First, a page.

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For example, is the following true: $$(A + B)^{-1} = A^{-1} + B^{-1}$$ If $\det(A) \ne 0$, $\det(B) \ne 0$, and $\det(A + B) \ne 0$.

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    $\begingroup$ This is not true even for numbers. $\endgroup$ – njguliyev Oct 2 '13 at 19:49
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    $\begingroup$ No, and I bet you can come up with several very easy counter examples even with $\;2\times 2\;$ matrices $\endgroup$ – DonAntonio Oct 2 '13 at 19:49
  • $\begingroup$ Replace $A=I$ and $B=I$ and calculate inverses. $\endgroup$ – Widawensen Feb 22 '19 at 14:06
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Is it true for $1\times 1$ matrices?

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    $\begingroup$ Thanks; no, it is not. I'll accept your answer in 12 minutes (which is apparently the required lag time). $\endgroup$ – tdenniston Oct 2 '13 at 19:50
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Suppose that $(A+B)^{-1} = A^{-1}+B^{-1}$. Then,

$$\begin{align*} I &= (A+B)^{-1}(A+B) \\ &= (A^{-1}+B^{-1})(A+B) \\ &= A^{-1}A + A^{-1}B + B^{-1}A+B^{-1}B \\ &= 2I + A^{-1}B + B^{-1}A, \end{align*}$$ so $A^{-1}B+B^{-1}A = -I$ for all invertible $A$, $B$.

It should be easy to use this to construct a counterexample.

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No, it's not true in general. Just consider any field $\mathbb{F}$ of characteristic $0$ (e.g. $\mathbb{R}$ or $\mathbb{C}$) and any $n\times n$ invertible matrix $A$ over $\mathbb{F}$. Put $B=A$ and you'll see something's wrong.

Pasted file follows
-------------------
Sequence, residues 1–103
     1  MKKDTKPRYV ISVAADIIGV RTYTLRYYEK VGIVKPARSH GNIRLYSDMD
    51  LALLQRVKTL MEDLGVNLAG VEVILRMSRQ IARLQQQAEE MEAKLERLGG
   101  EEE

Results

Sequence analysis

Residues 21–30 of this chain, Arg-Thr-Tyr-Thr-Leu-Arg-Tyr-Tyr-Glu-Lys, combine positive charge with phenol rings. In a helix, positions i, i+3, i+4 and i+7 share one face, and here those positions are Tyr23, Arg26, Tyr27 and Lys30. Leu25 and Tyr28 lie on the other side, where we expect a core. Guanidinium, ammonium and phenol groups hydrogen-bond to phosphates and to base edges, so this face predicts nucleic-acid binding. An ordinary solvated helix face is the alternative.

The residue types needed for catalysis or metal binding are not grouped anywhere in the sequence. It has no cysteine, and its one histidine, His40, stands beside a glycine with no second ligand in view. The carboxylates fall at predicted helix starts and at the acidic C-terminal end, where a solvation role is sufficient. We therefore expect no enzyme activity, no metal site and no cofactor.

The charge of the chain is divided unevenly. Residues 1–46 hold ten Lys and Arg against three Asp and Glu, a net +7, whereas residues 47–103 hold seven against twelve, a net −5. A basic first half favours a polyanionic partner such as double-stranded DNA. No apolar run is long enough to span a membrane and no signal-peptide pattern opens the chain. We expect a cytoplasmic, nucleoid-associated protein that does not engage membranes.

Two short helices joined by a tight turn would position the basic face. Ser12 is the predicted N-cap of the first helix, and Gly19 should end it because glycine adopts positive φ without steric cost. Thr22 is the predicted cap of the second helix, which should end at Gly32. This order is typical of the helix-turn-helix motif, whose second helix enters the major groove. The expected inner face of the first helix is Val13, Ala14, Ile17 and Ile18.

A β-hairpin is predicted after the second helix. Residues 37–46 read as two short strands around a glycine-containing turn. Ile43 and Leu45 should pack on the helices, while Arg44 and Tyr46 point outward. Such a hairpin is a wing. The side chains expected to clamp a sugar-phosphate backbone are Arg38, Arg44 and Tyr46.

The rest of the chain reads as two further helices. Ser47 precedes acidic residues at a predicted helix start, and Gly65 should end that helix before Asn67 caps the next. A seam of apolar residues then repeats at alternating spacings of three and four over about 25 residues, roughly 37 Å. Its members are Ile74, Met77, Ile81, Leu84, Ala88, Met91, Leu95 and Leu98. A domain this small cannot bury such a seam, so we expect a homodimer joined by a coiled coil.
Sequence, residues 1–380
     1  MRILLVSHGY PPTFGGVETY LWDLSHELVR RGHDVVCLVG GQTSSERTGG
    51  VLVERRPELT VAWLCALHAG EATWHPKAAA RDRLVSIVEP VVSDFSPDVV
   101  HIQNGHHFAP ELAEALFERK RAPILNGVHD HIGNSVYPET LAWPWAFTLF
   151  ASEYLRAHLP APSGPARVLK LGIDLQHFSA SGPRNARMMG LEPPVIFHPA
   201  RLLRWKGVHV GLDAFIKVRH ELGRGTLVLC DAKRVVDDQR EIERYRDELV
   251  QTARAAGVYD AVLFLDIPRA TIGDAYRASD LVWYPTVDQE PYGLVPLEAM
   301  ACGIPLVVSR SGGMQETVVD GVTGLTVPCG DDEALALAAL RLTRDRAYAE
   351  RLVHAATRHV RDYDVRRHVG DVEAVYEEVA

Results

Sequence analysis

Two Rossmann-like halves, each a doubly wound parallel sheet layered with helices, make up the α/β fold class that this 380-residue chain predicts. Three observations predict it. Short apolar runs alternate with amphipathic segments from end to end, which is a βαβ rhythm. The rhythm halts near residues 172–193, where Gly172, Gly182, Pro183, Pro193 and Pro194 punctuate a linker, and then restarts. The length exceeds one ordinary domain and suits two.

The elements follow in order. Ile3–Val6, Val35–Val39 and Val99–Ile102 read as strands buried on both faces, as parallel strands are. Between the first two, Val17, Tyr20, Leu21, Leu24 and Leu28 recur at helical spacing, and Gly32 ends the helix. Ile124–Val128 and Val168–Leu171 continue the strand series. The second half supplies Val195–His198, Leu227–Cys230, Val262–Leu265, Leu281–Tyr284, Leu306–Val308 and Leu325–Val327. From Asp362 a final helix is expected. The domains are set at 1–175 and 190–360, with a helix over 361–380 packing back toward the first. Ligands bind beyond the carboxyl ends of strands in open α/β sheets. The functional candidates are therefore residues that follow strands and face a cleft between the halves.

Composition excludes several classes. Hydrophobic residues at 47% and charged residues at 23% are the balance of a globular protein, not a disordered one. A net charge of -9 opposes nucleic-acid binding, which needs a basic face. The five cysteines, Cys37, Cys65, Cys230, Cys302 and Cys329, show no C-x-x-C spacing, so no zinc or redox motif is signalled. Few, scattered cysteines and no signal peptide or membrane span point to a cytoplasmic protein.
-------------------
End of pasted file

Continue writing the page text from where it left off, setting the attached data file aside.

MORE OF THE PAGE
With appropriate conditions, the statement can be true. For example, if the field is $GF(2)$ (that contains only $0$ and $1$, with $1+1=0$), then $\det(A)=1$ for all invertible $A$. It follows that $A^{-1}=\operatorname{adj}(A)$. Now, if $n$ happens to be equal to $2$, then adjugate matrices are additive. Hence $$ (A+B)^{-1}=\operatorname{adj}(A+B)=\operatorname{adj}(A)+\operatorname{adj}(B)=A^{-1}+B^{-1} $$ whenever $A,B$ and $A+B$ are invertible. For a concrete example, consider $$ A=A^{-1}\pmatrix{1&1\\ 0&1},\quad B=B^{-1}\pmatrix{0&1\\ 1&0},\quad A+B=(A+B)^{-1}=\pmatrix{1&0\\ 1&1}. $$

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For problems of the form $(A \pm \mathbf{uv}^T)\mathbf{x} = \mathbf{b}$, the Sherman-Morrison formula can be applied to address the inability of distribution of the matrix inverse.

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